Target, the US retail giant, has entered a settlement with the Attorneys General of 47 states and it has agreed to pay $18.5 million over the data breach suffered in 2013.
Nearly 40 Million credit and debit card accounts belonging to Target customers have been stolen during the traditional holiday shopping season in 2013.
The company intends to compensate the costs incurred by its customers and to compensate for the damage it has caused to the consumers.
The company will pay the overall amount of money to all the Attorneys General involved in the investigations, $1.2 million will be paid to the Illinois Attorneys General and roughly $1 million to the Connecticut that lead the legal action against the company.
According to the settlement, Target accepted to implement an information security program to protect its customer.
“TARGET shall, within one hundred and eighty ( 180) days after the Effective Date of this Assurance, develop, implement, and maintain a comprehensive information security program (” Information Security Program”) that is reasonably designed to protect the security, integrity, and confidentiality of Personal Information it collects or obtains from Consumers.” reads the settlement.
The Information Security Program shall cover administrative, technical, and physical safeguards appropriate to:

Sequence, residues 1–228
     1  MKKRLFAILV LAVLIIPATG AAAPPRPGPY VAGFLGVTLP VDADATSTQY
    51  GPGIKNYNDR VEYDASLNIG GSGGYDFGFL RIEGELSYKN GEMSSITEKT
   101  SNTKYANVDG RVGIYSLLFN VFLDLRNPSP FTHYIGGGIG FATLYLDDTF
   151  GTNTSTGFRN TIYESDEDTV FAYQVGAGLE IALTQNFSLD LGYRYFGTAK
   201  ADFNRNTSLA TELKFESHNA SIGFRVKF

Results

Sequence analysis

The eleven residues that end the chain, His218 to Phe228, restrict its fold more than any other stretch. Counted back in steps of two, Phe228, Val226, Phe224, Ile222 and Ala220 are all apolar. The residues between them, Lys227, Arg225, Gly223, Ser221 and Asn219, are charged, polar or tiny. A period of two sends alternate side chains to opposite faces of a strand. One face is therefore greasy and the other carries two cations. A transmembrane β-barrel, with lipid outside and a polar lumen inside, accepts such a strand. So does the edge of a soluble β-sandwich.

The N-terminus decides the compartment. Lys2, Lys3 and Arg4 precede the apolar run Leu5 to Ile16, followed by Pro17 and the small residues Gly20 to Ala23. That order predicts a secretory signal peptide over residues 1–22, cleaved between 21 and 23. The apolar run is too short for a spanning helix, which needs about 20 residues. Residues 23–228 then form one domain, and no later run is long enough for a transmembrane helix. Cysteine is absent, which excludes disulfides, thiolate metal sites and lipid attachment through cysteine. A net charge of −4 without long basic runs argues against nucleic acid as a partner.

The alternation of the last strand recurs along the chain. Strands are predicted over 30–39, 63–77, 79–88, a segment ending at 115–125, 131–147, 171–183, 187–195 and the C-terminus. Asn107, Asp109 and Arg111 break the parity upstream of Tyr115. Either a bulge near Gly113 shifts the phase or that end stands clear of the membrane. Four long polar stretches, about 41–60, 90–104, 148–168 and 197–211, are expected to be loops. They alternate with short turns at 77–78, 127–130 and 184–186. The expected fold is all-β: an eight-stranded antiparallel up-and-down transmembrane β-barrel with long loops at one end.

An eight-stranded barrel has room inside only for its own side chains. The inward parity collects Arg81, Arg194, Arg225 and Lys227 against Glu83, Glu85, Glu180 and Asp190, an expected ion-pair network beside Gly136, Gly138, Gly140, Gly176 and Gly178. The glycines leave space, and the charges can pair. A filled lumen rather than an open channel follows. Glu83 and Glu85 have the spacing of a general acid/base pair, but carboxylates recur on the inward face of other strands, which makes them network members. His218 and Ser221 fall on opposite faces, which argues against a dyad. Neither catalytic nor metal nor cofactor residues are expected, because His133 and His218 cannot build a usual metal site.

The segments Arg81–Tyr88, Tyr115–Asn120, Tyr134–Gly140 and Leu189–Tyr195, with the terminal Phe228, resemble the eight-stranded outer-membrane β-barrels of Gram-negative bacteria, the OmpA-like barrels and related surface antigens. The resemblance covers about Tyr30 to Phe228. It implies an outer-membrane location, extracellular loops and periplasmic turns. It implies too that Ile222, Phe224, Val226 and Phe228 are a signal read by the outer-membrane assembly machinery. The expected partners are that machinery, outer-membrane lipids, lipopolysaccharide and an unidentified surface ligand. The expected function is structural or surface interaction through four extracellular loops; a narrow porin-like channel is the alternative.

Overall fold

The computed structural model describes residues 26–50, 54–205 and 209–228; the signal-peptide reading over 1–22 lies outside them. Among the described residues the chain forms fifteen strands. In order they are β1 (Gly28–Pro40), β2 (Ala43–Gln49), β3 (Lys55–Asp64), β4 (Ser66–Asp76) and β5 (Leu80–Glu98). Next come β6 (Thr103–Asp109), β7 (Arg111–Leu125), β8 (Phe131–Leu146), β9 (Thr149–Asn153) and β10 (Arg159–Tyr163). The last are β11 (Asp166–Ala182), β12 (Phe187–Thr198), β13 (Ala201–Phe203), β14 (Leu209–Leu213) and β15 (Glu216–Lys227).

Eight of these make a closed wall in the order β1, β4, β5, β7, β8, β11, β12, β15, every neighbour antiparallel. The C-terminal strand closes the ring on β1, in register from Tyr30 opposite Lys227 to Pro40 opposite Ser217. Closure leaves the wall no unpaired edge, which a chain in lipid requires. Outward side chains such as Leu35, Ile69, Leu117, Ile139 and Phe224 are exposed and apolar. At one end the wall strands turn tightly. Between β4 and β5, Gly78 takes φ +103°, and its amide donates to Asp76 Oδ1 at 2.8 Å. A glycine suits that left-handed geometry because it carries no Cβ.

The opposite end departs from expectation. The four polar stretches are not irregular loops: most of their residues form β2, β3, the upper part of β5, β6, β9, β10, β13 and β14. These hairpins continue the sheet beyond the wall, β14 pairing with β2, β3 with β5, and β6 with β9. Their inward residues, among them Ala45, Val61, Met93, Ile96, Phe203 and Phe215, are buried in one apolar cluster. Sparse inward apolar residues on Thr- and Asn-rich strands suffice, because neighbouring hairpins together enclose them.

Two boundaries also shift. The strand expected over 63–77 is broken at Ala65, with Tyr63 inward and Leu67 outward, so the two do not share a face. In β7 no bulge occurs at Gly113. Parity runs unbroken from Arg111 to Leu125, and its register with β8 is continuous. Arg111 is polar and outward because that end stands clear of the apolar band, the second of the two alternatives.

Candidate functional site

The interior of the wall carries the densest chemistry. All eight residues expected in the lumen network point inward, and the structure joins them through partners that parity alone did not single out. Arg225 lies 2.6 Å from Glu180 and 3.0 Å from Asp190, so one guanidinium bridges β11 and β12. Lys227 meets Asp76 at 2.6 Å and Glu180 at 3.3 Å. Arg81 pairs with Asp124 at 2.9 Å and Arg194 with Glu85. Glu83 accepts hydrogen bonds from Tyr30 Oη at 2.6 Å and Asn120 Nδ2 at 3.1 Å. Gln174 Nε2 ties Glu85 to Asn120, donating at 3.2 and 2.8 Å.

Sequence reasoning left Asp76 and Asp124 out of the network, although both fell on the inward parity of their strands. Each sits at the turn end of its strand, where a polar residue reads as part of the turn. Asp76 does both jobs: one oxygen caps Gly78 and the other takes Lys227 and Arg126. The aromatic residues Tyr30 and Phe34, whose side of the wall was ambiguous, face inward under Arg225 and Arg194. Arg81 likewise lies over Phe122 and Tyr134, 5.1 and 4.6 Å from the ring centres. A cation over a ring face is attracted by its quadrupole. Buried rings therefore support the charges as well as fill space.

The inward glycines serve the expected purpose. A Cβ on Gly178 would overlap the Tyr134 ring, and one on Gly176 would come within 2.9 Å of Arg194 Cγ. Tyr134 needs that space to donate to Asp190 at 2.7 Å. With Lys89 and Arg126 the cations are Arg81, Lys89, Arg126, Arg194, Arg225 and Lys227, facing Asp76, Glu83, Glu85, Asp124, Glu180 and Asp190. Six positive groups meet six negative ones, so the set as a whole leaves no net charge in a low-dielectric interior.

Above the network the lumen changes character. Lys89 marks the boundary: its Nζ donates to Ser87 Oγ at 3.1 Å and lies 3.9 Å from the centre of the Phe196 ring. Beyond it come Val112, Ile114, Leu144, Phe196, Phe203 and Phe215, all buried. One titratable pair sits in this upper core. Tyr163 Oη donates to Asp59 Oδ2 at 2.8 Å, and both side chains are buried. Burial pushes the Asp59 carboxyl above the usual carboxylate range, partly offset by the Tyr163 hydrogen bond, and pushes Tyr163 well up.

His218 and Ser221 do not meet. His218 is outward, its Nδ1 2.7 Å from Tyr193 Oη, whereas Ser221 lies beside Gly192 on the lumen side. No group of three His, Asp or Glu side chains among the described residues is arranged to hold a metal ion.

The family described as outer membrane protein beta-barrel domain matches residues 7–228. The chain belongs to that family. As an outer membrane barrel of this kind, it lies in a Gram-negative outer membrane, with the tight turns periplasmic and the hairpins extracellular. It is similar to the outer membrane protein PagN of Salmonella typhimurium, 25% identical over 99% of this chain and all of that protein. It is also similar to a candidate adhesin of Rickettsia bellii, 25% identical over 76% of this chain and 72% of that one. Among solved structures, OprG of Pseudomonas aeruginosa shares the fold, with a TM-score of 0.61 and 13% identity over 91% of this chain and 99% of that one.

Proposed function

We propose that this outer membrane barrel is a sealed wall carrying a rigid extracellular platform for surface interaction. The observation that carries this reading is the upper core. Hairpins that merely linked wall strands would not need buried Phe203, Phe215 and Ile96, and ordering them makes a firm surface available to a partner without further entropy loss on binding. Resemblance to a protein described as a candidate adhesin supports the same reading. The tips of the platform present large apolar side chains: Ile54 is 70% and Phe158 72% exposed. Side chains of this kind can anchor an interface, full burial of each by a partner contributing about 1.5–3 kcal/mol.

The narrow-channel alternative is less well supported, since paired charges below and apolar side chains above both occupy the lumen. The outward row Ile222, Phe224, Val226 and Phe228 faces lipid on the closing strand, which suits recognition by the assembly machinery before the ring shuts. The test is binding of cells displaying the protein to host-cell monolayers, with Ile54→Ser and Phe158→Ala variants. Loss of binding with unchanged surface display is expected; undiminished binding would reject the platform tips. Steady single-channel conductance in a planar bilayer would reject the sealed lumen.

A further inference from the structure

The company will adopt further measures to protect its customers, including network segmentation, access control, and management, file integrity monitoring, whitelisting, logging, change control, and the adoption of payment card security technologies.
The settlement established that the cyber security of the company’s systems must be assessed by a third-party, at the same time the company has to audit any vendor or subcontractor it works with. Let’s remind that the hackers that broke into the company payment systems used as entry point an HVAC contractor.
Target admitted last year that the data breach had cost it $290 million, the company paid $67 million to Visa card issuers, $19 million to MasterCard card issuers, over $20 million to banks and credit unions, and $10 million to the affected consumers.
(Security Affairs – data breach, cybercrime)